It's May and it has rained – and Brooklyn's green.
I'm walking now, with grasses growing lush
On either side of walkway – and with trees
That stretch and soar and arch in foliage.
How tender is the green – of grass and trees,
With leaves fresh-washed by storm that thundered by.
As evening comes, the air is still, the streets
Are silent, till a car comes swooshing by.
How rarely, in the hustle of the city –
That Mammon's workers built, in which we live
And work at speed to feed His appetites –
How rarely are we blessed with moment's peace?
And so I'm filled with gratitude for this,
This grace that gives me pause to breathe at ease...
How many more have sensed this evening's calm,
And so give thanks for blessing of release?
2013 May 11th, Sat., Brooklyn, New York
– at the park I just found between 66th & 67th Streets
and between 8th Avenue & Fort Hamilton Parkway.
This park is part of a long, narrow stretch of green, cut
through by some of the Avenues that run roughly north-
south. The stretch starts between 4th and 5th Avenues and
runs south-eastwards to F. H. Pkwy. I believe this strip is
called Leif Ericson Park, at least at the northwestern end.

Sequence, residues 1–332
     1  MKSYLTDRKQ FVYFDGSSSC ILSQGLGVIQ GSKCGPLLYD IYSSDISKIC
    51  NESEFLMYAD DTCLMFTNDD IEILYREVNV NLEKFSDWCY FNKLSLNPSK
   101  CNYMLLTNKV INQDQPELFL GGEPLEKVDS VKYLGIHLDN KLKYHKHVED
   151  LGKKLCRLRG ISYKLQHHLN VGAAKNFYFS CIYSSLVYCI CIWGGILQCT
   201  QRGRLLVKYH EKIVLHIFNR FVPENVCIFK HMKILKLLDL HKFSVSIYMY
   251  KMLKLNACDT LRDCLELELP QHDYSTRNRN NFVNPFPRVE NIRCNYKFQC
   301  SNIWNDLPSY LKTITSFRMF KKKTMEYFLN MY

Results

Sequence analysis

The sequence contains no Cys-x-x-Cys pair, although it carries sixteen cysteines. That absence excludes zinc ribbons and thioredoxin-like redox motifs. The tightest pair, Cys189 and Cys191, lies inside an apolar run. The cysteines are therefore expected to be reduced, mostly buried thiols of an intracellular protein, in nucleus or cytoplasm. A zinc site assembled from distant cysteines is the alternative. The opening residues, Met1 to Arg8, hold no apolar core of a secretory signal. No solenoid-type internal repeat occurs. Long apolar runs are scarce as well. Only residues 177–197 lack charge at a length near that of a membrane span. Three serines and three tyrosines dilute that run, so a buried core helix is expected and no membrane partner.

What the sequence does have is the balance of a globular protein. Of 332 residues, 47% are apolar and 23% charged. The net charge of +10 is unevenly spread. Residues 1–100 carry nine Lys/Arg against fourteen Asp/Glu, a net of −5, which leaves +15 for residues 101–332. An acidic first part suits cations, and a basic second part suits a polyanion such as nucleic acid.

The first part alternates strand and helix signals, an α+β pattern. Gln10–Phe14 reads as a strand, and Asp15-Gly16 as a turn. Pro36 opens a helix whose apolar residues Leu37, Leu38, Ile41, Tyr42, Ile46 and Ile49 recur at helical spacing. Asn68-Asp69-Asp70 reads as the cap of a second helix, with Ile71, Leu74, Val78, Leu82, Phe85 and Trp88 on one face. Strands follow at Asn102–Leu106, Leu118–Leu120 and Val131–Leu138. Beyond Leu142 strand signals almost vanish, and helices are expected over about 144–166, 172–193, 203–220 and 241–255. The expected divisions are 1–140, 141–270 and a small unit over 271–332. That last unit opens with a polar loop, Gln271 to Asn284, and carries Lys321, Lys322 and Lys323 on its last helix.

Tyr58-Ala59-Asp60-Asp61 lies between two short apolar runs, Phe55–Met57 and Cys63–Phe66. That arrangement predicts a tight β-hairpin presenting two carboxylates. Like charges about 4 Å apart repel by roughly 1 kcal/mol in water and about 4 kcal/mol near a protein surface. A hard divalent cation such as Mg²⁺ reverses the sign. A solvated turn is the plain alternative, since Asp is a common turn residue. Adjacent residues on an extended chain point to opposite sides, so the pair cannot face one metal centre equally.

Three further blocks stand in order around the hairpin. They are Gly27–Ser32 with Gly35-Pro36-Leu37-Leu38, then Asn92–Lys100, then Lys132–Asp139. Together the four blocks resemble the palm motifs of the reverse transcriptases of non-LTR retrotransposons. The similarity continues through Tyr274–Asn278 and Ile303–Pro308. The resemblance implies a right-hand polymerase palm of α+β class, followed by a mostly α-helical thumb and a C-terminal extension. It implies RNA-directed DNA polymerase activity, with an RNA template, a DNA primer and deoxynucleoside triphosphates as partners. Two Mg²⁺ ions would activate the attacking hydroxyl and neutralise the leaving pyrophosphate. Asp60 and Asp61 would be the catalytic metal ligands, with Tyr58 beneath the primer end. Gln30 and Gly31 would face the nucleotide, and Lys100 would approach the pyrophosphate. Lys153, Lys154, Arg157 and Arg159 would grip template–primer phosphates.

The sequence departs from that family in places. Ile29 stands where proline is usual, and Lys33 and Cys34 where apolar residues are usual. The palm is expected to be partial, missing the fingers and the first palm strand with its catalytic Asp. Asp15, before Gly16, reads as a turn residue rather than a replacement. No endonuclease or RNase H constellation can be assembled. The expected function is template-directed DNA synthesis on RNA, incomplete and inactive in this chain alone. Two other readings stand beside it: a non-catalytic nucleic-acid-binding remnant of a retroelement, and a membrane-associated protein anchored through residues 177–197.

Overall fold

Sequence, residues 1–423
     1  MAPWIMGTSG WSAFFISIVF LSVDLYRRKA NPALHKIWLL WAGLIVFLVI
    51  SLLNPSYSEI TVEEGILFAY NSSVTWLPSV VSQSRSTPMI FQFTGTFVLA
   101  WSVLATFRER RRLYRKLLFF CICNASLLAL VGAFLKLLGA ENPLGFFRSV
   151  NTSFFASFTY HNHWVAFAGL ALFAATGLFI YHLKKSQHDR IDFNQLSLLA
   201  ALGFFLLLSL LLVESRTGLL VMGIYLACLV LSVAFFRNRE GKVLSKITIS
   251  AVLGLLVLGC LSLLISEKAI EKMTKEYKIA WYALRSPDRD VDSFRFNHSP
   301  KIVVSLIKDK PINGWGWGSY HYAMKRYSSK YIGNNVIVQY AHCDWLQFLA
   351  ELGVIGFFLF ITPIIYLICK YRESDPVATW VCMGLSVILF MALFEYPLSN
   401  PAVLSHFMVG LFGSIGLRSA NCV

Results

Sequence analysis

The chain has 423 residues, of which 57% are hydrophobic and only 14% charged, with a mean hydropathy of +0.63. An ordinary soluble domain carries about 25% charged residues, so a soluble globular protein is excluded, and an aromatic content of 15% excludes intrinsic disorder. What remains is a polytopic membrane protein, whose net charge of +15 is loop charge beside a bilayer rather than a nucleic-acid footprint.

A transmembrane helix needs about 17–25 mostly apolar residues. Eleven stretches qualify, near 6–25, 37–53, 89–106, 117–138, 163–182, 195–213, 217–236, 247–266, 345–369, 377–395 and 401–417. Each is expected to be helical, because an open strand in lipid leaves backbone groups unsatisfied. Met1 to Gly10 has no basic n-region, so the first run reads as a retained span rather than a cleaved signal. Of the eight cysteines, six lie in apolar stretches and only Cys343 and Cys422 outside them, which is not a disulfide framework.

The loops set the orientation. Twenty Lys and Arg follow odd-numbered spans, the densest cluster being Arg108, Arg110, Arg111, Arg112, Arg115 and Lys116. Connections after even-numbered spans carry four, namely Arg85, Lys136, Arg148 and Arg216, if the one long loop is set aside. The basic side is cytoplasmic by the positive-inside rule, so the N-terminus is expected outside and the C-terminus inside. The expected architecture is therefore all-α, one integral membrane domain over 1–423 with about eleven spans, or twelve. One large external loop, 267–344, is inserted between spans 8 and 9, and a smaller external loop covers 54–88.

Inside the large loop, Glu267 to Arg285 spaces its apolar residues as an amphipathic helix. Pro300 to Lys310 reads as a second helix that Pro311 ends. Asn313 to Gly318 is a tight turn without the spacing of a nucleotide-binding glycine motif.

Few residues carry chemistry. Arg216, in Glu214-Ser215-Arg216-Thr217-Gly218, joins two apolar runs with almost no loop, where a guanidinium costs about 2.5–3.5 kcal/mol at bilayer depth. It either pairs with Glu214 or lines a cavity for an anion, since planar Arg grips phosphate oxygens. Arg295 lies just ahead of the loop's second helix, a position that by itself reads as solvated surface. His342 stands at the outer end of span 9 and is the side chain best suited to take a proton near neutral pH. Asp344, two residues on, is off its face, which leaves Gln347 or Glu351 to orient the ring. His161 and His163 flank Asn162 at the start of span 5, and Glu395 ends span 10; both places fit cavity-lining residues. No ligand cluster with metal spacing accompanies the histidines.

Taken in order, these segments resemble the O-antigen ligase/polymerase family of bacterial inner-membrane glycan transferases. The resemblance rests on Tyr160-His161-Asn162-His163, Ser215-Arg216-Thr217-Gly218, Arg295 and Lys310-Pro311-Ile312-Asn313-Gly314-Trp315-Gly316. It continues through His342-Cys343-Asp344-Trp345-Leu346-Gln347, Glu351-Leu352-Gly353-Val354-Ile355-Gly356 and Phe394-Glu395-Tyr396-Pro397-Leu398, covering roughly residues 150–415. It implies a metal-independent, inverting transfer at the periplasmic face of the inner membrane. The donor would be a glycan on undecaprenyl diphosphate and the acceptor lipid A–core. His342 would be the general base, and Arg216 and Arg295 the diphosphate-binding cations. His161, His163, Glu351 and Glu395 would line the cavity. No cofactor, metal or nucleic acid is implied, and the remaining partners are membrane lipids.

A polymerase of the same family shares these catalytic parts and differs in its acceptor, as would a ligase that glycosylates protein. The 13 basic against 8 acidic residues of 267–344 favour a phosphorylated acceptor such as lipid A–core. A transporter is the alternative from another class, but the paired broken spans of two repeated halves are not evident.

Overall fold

I lived right by that end for a year, at 66th Street and 4th
Avenue, when I first started working and living in Brooklyn
in 1987. It has taken me 26 years to discover the south-eastern
Leif Ericson (Leiv Eriksson) was the leader of a Norse
expedition to North America. He allegedly landed on this
continent many hundreds of years before the Italian Christoforo
Colombo, financed by the Spanish Queen, reached the islands
of the Caribbean, with his crew of southern Europeans and possibly
The area where Leif Ericson's statue now stands – and where his
park commences -- was once populated by Scandinavian and Dutch
immigrants, some of whose descendants are still to be found in the
area known as Bay Ridge at Brooklyn's southwestern tip.